Point of View

Long-term care and dignified voting

November 5, 2012 

Among residents of long-term care facilities who want to vote – and studies estimate that on average about one-thirds and in some facilities as many as three-quarters do vote – nearly all require an absentee ballot. However, for residents of many nursing homes, state requirements for what is a valid absentee ballot mean that their vote may not count.

Nursing home residents are typically disabled to the degree that they need assistance performing many basic activities of daily living such as dressing, bathing and moving about a room. The journey from their room to an offsite voting booth is simply an undue burden. Voting by absentee ballot is among the most common methods to enfranchise the disabled.

But absentee balloting is also one of the most common methods of voter fraud, such as stealing multiple residents’ ballots or throwing away ballots. No studies have shown, but rumors persist and cases accumulate, of long-term care facilities being the prime venue to commit such fraud.

Nursing home residents are in the crosshairs of America’s ongoing debate over how big is the problem of voter fraud and how best to address it. Sadly, the problem is typically exaggerated and, as a result, the solutions are overdone. Residents of long-term care facilities in North Carolina are now experiencing this.

North Carolina strictly forbids the employees of hospitals or long-term care facilities from assisting residents to complete their absentee ballots. This is a notable barrier because studies show that most residents require assistance reading the small font and filling in the tiny dots. North Carolina also forbids those people from serving as the required witness on a ballot.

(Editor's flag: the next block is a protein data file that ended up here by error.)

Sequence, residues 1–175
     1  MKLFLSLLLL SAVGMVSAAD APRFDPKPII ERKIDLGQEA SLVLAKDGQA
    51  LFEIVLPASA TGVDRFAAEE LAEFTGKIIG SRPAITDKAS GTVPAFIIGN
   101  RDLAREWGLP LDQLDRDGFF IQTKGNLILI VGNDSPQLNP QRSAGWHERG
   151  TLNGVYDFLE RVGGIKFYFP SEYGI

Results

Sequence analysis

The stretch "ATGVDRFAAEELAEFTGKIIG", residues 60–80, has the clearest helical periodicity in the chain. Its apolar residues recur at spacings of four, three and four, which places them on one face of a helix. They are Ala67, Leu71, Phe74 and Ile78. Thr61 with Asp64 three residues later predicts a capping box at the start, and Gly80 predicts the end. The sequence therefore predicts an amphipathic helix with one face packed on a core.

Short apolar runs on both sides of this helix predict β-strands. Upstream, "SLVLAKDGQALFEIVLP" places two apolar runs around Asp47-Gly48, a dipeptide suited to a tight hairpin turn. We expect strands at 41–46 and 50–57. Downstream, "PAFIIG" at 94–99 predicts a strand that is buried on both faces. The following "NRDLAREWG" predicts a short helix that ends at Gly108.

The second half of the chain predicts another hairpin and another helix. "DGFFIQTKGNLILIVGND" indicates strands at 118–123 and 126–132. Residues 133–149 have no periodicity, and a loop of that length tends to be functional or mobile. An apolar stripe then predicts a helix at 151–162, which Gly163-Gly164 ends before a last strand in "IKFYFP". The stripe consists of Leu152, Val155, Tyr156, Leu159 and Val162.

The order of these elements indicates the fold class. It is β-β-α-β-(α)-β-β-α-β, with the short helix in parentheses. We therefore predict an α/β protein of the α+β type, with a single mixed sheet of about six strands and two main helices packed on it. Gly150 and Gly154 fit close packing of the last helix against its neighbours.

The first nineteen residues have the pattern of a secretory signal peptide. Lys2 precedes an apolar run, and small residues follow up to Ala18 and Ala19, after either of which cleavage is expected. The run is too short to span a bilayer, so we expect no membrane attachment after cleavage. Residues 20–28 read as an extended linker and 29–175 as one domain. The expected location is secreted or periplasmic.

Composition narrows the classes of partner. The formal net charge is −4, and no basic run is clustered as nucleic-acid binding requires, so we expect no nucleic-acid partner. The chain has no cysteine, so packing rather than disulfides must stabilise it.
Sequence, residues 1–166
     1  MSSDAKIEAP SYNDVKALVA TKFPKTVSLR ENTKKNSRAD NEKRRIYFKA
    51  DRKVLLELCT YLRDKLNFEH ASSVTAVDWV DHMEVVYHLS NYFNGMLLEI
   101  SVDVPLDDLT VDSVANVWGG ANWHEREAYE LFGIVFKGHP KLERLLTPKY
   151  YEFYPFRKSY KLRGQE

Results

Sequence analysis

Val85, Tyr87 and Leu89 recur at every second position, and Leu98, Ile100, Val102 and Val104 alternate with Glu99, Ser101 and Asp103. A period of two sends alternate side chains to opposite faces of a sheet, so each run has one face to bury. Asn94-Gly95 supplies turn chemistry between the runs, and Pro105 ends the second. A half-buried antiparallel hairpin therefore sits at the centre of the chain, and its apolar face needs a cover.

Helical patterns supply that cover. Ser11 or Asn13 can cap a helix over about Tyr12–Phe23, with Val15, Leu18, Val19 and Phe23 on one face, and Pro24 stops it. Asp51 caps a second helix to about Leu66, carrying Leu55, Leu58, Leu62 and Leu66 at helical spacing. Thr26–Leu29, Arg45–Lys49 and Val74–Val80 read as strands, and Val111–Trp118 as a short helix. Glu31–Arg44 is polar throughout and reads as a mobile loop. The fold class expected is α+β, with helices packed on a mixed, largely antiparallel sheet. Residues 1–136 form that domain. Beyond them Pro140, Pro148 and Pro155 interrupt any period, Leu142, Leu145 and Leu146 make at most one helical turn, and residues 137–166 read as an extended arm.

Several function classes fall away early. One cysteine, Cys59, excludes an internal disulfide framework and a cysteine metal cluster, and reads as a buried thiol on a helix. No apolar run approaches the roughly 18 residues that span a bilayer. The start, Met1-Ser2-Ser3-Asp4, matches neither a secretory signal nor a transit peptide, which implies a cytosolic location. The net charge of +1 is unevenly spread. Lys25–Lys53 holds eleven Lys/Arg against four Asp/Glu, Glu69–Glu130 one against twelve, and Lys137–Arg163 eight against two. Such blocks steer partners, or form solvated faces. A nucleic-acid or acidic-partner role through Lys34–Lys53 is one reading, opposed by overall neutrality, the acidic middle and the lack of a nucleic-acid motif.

So who can assist a resident and who can serve as a witness? “The voter’s near relative or verifiable legal guardian.”

Imagine the man who lives in a Raleigh nursing home. His family resides in New Jersey. Who will be his witness? The activities director at a Raleigh-based nursing home who described this resident to me did not know the answer. The nephew would have to make a long trip.

I asked him if the requirement for a family member’s signature presents an undue burden. His reply: “Yes. It’s a hassle.”

The desire to forbid employees from proving assistance or witnessing a ballot is an extreme solution to limit the chances of voter fraud. A better solution is to bring the elections official to the nursing homes.

So-called “mobile polling” describes a process where elections officials go to a long-term care facility, provide assistance to the residents who want to vote and then take the completed ballots back to be counted. Studies show that it minimizes fraud, maximizes access and enhances residents’ sense of dignity and worth.

It’s the norm in Australia, Canada and just a few states in the U.S. Until it is the norm for nursing home residents in states like North Carolina, we the people are only the people who have a family member close by and available.

Jason Karlawish, M.D., is professor of medicine, medical ethics and health policy at the University of Pennsylvania’s Perelman School of Medicine.

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